Where did alcohol levy money go? asks Morima
President Ian Khama made his last State of the Nation Address (SONA) during the Fourth Session of the eleventh Parliament on Monday.
There were mixed reactions from all sectors of the economy. Voice Staffer, Daniel Chida sat down for an interview with Anthony Morima, a political analyst who graded Khama’s SONA as below average.
Q. Welcome sir, can you give us a general overview of the SONA.
If you listened to the speech, one would not think it is for somebody who is leaving office in the sense that one would expect a person about to vacate office to start by telling us what he planned to do when he came into office in terms of his objections and the projects that we know he pioneered and how successful or unsuccessful such projects were.
Q. What exactly are you saying?
In his 2016 SONA, Khama’s address was drawn around the Vision 2036 Pillars, and it was a good thing because one would measure the status of the nation against the long-term vision, He was therefore supposed to continue with that pattern of thought about Vision 2036 but he just abandoned it.
And now one may wonder where we are heading given this address?
Q. Do you mean there was nothing positive to take away from it?
If I were to rate him I would give him a C because although you can’t give him a D his address was below average.
Nowadays people want to hear about job creation, I mean real jobs that can sustain the economy and people’s lives not temporary relief measures like Ipelegeng.
In 2016 the president spoke of a constituency based programme that was allocated millions of pulas and people were made to believe that their lives were to change for the better because of it but up to now the programme hasn’t taken off.
He also spoke of Economic Stimulus Programme, which was centered on building of classrooms and clinics but that is not what ESP should have been about, it is supposed to stimulate the economy and save companies from possible collapse.
We should have injected that money into other industries like tourism and the leather industry.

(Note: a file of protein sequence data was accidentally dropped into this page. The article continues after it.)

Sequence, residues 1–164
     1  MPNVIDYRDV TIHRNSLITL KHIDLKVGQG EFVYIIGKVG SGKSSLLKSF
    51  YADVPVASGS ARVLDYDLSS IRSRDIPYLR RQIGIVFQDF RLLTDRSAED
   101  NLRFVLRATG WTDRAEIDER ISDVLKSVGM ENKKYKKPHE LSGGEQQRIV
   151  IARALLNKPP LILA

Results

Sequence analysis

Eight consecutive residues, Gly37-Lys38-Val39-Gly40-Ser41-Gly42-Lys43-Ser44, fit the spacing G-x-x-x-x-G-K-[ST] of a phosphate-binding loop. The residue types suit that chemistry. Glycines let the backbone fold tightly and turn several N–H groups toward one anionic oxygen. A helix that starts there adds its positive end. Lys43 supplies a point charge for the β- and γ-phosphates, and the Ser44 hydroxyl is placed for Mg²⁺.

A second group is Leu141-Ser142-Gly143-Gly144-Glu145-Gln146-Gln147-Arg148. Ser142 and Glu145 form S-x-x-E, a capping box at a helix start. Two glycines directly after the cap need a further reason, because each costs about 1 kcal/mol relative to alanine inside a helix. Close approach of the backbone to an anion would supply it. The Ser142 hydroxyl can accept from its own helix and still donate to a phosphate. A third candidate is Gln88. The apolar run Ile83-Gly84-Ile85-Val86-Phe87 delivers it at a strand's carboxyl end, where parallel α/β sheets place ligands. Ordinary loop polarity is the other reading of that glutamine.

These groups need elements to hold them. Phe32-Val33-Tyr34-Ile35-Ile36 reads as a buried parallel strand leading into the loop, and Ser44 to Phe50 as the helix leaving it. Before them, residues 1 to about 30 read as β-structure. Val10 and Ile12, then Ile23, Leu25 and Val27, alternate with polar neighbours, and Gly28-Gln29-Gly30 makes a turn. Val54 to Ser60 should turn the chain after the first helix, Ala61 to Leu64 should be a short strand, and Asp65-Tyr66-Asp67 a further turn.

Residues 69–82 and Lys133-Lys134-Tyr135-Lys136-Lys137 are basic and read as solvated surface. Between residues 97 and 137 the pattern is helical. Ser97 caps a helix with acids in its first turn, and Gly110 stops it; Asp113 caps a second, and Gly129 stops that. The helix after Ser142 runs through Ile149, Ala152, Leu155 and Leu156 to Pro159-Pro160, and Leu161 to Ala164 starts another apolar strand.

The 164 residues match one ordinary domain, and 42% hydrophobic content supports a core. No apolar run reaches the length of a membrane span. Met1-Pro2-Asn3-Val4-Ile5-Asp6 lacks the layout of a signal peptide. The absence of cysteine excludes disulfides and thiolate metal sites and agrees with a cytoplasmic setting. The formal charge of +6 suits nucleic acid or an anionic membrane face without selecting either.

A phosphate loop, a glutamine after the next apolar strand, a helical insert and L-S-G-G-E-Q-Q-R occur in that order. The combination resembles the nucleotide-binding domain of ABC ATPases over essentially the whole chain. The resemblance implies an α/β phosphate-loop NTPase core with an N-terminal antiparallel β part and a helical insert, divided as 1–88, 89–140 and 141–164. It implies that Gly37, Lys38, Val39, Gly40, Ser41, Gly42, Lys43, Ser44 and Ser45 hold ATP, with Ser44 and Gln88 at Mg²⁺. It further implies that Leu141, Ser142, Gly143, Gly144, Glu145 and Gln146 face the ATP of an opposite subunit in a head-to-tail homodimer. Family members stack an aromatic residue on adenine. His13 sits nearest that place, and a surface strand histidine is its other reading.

We lost more than 5000 jobs at BCL but Khama said that in the next three years they would create 3000 jobs. What is that?
Q. What can you say about the P2.6 billion made from Alcohol levy?
Yes, he did mention that but the question is where did that money go?
One would have thought that the President would have gone further and explained that part of the money was used to build rehabilitation centres for alcohol abusers and recreational facilities as he had set out to do from the beginning.
But he couldn’t because we all know that a significant amount was allocated to certain organisations and ended being abused.
Part of the alcohol levy was allocated to Ipelegeng Programme but we have nothing much to show for it.
Q. There was some positive news about the diamond industry, your comment on that?
The diamond production is projected to increase and the financial year 2016/17’s budget surplus is P1. 12 billion instead of the P1.10 billion deficit that had been projected.
We have to applaud him for maintaining our inflation between three and six percent and for the creation of jobs through CEDA funding and ESP.
Q. How sustainable are those jobs?
There is no clear beneficiation strategy even from the diamond industry, because as per his speech, the diamond beneficiation strategy is going to be completed in 2018.
How does a President wait until he is just about to leave office to have the strategy finalised.
Ipelegeng is a relief programme and should be used as that and it is a matter of restructuring it to add value in people’s lives because if that’s not done the 60 000 people that it employs every month will remain impoverished forever.
Q. He also mentioned that the Attorney General’s Chamber was drafting the Electoral (Amendment Bill for the inclusion of the Voter Verifications Paper Audit Trail for the sake of transparency, what is your take?
Khama was supposed to have gone back on the decision to use EVM because it is clear that a significant number of Batswana do not support it including those from the ruling party.
He did not only let us down there but also in all political reforms and judiciary independency.
The Afro barometer survey says Batswana support political funding but he failed to endorse that.
People are against specially elected system but what did he do, he increased the numbers.
The relationship between government and the media is very low; there is no media freedom anymore. Khama has oppressed media houses and starved them of advertising from government.
The relationship between trade unions and government has been polarized and Batswana have lost confidence in the DIS and the Ombudsman.
In summary Khama failed to create real jobs and come up with meaningful programmes and initiatives through his tenure